'Project Greenback 2.0 – Remittance Champion Cities' Launched in Turin, Italy

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"Project Greenback 2.0 – Remittance Champion Cities" was launched on October 29 in Turin, Italy.

A team from the World Bank's service line on Financial Infrastructure, hosting the launch event, was thrilled to welcome a room full of migrants, market paricipants, public officials, policy researchers and private-sector observers.

Since March 2013, in partnershp with the Turin city government, the World Bank team has been preparing for the launch of Project Greenback 2.0, which aims to foster the development of a sound and efficient market for remittances. The project pursues an important new approach: It focuses on remittance senders, and its priority is meeting their needs.

In the first months of our efforts in Turin, we have been working on a survey among remittance senders, and we have been mapping and monitoring the services that are available to them when they seek to send money home. The survey focused on Romanians, Moroccans and Peruvians – the most numerous immigrant groups in Turin, who together account for more than 60 percent of the city's immigrant population.

We were impressed to see that about 80 percent of respondents have at least one bank account. On the other hand, less than 6 percent of them send money to their home countries from their bank accounts, and 83 percent of respondents use a money transfer operator (MTO) as their preferred provider. It seems to us that there is an open channel that is not being used to its full potential, thus reducing the level of competition in the marketplace.

Our researchers approached several remittance service providers, posing as customers and inquiring about service conditions and pricing. Too often, we found that accurate information was not available, or that staff members were not aware of the products offered by their own company. In some cases, it was even suggested that potential customer should use a competitor’s service.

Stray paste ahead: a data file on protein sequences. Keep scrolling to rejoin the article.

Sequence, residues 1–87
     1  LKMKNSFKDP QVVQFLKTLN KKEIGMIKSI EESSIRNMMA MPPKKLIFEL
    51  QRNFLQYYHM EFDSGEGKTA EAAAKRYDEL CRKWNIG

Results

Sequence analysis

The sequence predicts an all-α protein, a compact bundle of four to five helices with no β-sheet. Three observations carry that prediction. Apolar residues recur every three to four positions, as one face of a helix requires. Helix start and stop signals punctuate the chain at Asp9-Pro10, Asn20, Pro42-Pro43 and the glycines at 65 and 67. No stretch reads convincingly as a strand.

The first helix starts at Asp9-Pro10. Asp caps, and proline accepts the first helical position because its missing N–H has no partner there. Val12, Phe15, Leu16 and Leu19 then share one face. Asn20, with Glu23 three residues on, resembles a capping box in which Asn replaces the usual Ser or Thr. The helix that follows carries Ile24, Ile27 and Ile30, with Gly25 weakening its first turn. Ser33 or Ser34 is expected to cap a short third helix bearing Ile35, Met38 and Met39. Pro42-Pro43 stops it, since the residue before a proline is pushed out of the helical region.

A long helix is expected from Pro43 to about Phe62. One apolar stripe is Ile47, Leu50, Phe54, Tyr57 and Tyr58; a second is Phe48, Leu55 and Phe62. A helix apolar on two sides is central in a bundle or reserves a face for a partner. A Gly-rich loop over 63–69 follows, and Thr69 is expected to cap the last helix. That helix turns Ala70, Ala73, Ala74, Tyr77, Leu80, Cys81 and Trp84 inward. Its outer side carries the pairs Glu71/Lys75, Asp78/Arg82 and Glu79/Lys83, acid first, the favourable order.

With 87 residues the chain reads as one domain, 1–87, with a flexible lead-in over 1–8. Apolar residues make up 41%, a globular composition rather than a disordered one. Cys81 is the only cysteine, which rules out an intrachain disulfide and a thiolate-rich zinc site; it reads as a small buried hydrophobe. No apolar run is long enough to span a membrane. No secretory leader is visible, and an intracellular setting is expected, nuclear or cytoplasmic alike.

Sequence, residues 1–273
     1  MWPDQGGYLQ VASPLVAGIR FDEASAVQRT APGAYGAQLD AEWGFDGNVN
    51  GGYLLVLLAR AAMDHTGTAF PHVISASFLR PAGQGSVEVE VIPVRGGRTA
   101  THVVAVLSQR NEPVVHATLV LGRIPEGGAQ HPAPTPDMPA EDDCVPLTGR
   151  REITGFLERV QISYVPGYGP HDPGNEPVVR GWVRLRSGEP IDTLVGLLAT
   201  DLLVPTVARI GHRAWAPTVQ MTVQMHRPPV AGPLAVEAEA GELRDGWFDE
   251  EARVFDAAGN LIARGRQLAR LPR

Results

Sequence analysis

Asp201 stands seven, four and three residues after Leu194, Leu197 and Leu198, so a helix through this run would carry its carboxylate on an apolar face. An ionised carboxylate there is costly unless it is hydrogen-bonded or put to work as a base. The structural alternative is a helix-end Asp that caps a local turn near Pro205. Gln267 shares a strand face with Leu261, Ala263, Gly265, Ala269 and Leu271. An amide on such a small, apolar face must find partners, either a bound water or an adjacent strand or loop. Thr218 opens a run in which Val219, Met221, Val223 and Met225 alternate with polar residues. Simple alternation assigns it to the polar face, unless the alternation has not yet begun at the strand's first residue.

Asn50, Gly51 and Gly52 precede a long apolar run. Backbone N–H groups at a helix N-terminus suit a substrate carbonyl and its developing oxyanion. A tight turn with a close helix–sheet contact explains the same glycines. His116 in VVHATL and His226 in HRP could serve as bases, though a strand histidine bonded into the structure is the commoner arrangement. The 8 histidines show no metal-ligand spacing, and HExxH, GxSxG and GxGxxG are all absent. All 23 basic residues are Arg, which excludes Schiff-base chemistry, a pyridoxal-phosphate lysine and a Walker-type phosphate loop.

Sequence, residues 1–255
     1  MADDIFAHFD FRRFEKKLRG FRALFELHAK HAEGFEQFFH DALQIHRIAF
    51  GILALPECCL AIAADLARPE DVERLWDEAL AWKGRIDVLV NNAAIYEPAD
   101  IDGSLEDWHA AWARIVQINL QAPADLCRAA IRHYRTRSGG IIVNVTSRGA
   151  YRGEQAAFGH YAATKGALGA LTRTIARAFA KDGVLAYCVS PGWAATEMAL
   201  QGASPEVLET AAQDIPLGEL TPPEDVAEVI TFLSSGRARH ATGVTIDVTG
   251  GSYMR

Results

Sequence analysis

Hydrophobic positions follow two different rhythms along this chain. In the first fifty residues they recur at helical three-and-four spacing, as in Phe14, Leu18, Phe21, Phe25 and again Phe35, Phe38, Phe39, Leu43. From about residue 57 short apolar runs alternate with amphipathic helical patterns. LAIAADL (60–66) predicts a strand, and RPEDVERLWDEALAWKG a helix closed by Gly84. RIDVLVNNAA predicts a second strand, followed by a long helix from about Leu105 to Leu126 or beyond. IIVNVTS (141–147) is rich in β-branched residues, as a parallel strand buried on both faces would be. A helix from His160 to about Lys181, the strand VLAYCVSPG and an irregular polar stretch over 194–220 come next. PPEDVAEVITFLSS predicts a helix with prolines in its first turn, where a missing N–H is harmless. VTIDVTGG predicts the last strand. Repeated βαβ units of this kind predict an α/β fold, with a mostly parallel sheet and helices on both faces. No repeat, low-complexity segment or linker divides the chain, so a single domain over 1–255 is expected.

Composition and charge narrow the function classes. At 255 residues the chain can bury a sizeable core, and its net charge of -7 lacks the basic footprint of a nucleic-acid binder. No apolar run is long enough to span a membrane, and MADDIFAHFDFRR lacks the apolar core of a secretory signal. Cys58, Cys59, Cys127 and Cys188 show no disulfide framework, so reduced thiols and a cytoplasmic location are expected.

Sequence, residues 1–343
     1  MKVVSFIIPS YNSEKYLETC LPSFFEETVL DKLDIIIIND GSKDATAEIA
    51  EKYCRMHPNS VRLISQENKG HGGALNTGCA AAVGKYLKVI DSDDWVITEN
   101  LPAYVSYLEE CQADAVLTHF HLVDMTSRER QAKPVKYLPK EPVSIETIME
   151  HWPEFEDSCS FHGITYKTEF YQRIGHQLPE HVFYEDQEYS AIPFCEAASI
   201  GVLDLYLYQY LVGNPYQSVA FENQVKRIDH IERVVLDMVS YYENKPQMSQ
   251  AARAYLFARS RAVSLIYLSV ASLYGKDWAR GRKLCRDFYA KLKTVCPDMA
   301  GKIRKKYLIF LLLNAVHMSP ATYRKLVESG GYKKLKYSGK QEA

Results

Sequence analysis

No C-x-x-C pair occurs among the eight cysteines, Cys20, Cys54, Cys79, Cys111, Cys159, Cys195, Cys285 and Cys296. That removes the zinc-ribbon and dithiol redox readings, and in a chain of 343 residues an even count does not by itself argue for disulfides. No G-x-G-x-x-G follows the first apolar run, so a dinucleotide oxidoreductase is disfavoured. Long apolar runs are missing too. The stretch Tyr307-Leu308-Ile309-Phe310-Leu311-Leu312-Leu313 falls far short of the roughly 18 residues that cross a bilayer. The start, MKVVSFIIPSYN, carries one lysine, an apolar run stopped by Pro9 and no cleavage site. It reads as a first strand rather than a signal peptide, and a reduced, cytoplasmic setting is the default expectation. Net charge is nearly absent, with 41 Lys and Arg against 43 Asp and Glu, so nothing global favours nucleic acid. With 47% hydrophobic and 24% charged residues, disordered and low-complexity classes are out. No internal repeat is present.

The perceived average cost per transaction, expressed as a percentage of the amount sent, is around 3 percent. The international "5x5 Objective," which aims for the reduction of the average total cost of remittance prices to 5 percent, would already have been achieved if the perception of respondents to our survey in Turin were accurate. Unfortunately, their perception does not reflect the real cost: The World Bank Remittance Prices Worldwide database estimates that it is over 7 percent.

The majority of respondents are apparently not fully aware of all the elements of the cost of sending remittances: They generally believe that the only cost is represented by the fee. Only 36 percent of respondents are aware that the total cost includes other components. Remarkably, the percentage drops to zero when money is sent through a bank. This fact confirms that transparency of pricing is an issue of serious concern for remittance services.

Turin is the first Remittance Champion City. There will be more very soon: Montreuil, France, is already lined up. The Remittance Champion Cities will be laboratories where we plan to show how the issues related to remittance transactions can be addressed, and to demonstrate how remittances can be leveraged to increase financial inclusion and promote development.

Photo: The launch event for "Project Greenback 2.0" attracted a standing-room-only crowd in Turin, Italy the first "Remittance Champion City." Photo credit: Miisha Ayana.


Massimo Cirasino

Practice Manager, Financial Infrastructure & Remittances Service Line, Head of the Payment Systems Development Group

Marco Nicoli

Senior Financial Sector Specialist

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